Black History Month 2011
February 1, 2011 by staff
Black History Month 2011, If we look back in history as “Black History Month” seems strange to some of our colleagues in the millennium. Why, some ask, do we have a month dedicated to black history and not one dedicated to white history? After all, if the idea is to get past skin color and respect all people as equal, not a month dedicated to history of a people by their skin color hypocrite?
We believe that this argument is totally irrelevant and fails to confront the reality of America’s racial past and its always-difficult divided present.
Doubtless, some argue that argument instead of a simple naivete. Perhaps they consider the fight for civil rights as an issue that was resolved before birth.
Such a view reflects a misunderstanding of the role of race in modern America. And who can blame them for wanting to be oblivious to the real and modern legacy of our racist past, living as a score in 2011 in Illinois.
How it is easier to think that America has already exceeded its sectarian tendencies. How it would be easier to believe that after the Supreme Court decision Brown v. Board of Education, Americans no longer have to face their own racist tendencies. As it is comforting to pretend to elect a black president proved that institutionalized discrimination is no longer a problem.
It is important to know that the nation’s history. We believe that America’s fight to overcome the ideological hypocrisy of its original founding a nation based on inalienable rights of man would allow slavery to flourish within its borders is one of the defining characteristics of our country.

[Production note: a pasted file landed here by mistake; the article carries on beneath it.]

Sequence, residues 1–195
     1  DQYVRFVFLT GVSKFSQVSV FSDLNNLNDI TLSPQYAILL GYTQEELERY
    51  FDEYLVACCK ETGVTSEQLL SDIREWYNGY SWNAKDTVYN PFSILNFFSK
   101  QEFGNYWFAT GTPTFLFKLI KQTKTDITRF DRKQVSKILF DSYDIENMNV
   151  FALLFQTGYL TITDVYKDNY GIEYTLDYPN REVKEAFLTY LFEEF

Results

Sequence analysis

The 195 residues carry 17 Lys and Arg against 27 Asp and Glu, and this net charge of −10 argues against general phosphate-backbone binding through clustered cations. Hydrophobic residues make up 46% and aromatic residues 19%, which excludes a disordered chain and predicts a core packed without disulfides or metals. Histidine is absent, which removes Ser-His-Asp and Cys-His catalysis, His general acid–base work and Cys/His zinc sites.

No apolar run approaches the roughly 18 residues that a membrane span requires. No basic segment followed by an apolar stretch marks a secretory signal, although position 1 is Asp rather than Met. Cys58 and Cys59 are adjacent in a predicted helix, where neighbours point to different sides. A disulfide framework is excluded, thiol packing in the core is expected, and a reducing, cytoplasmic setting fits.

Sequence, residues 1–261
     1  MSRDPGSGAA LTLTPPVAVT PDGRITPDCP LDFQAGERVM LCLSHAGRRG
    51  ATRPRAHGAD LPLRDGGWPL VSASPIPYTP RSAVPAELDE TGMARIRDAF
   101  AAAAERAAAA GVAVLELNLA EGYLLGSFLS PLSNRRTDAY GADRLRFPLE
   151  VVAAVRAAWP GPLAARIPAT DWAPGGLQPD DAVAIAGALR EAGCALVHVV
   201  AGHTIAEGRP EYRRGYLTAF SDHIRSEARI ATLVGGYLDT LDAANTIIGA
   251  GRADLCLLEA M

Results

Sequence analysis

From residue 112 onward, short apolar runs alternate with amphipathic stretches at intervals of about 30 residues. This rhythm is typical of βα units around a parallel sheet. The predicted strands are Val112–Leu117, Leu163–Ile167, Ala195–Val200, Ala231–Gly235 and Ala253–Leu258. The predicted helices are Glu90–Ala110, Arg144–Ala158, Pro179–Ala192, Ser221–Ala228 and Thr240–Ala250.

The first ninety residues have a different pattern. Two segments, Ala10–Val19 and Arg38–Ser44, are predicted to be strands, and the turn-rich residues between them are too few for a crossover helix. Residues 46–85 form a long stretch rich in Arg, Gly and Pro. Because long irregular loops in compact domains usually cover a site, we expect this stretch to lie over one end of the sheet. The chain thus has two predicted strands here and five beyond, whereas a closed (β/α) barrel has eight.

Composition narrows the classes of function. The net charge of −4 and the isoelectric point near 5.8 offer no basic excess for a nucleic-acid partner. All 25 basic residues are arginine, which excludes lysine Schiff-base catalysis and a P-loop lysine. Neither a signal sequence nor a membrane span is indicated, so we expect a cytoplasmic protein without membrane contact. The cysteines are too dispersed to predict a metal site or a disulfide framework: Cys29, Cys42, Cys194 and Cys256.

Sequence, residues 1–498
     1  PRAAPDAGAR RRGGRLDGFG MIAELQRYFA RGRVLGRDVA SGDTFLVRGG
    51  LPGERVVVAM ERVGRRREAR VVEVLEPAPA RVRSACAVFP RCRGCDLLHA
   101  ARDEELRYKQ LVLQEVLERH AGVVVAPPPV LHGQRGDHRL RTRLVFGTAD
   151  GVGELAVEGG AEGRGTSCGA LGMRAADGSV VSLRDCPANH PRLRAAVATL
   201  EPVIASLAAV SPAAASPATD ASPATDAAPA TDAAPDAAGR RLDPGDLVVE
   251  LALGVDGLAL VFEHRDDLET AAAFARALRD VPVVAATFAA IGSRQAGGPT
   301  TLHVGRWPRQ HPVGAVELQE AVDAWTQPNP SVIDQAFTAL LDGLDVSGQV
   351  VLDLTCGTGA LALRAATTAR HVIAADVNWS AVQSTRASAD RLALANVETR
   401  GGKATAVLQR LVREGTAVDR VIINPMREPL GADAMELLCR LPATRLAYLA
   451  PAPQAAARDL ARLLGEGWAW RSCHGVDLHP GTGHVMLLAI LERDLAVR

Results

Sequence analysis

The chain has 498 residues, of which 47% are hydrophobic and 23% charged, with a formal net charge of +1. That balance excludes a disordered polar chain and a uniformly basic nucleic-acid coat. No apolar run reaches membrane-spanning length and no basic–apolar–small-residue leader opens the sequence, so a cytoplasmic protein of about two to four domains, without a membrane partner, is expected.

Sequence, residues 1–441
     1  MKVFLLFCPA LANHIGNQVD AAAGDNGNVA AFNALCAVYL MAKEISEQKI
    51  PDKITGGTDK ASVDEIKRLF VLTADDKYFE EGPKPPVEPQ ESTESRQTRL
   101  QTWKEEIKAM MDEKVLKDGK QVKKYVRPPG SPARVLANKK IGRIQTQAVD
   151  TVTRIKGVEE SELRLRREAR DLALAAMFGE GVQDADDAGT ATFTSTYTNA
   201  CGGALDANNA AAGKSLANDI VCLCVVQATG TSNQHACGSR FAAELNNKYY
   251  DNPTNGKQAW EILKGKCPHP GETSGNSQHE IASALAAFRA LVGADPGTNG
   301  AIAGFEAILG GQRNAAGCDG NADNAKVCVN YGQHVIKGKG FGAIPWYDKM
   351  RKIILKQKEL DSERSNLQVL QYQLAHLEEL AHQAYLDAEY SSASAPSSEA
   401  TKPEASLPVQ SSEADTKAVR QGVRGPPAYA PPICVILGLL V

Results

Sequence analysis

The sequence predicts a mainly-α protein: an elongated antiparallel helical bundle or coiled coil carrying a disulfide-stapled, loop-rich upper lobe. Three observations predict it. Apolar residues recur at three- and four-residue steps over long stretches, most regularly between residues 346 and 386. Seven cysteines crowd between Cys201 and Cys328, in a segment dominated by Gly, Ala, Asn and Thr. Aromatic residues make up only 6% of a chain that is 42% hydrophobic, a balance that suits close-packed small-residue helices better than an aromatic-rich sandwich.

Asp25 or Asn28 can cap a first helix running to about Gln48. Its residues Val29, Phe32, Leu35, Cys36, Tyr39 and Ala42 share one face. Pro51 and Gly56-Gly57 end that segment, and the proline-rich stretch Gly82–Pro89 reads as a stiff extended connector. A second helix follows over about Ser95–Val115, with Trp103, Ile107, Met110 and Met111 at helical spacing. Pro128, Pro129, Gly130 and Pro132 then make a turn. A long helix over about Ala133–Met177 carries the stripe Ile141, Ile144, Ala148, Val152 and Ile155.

2011 is the 150th anniversary of the outbreak of civil war. The Union prevailed and the institution of slavery dissolved.
Jim Crow laws institutionalized discrimination for the next 100 years. In the middle of last century, the civil rights movement has pushed the nation spent its most blatant forms of legal discrimination. But we still do not extend equal opportunities to all members of our society and when you look at where the disparities, it is difficult not to conclude that race continues to be an important factor in determining social inequality.
Government officials in many southern states are trying to whitewash the history of slavery and the civil rights movement. Last year, the governor of Virginia Bob McDonnell said April Confederate History month, which, in his proclamation, romanticized the Confederacy and failed to mention the existence of slavery.
(AP) – New York City celebrates black history while taking into account the status of sites of interest to Queens and four buildings on Staten Island.
A color barrier homeownership has been broken in the district Addisleigh Park Historic St. Albans, Queens. In the mid 20th century it was home to musical greats Ella Fitzgerald, Count Basie, Fats Waller, Lena Horne, and athletes Jackie Robinson, Joe Louis and Roy Campanella.
Sandy Ground, on Staten Island is one of the oldest communities in the town founded by freed slaves. He became a haven for oyster farmers who came to northern Maryland in the mid-19th century.
Three cottages and a church in Sandy Ground is the study of historical status.
The Landmarks Preservation Commission is scheduled to vote Tuesday.
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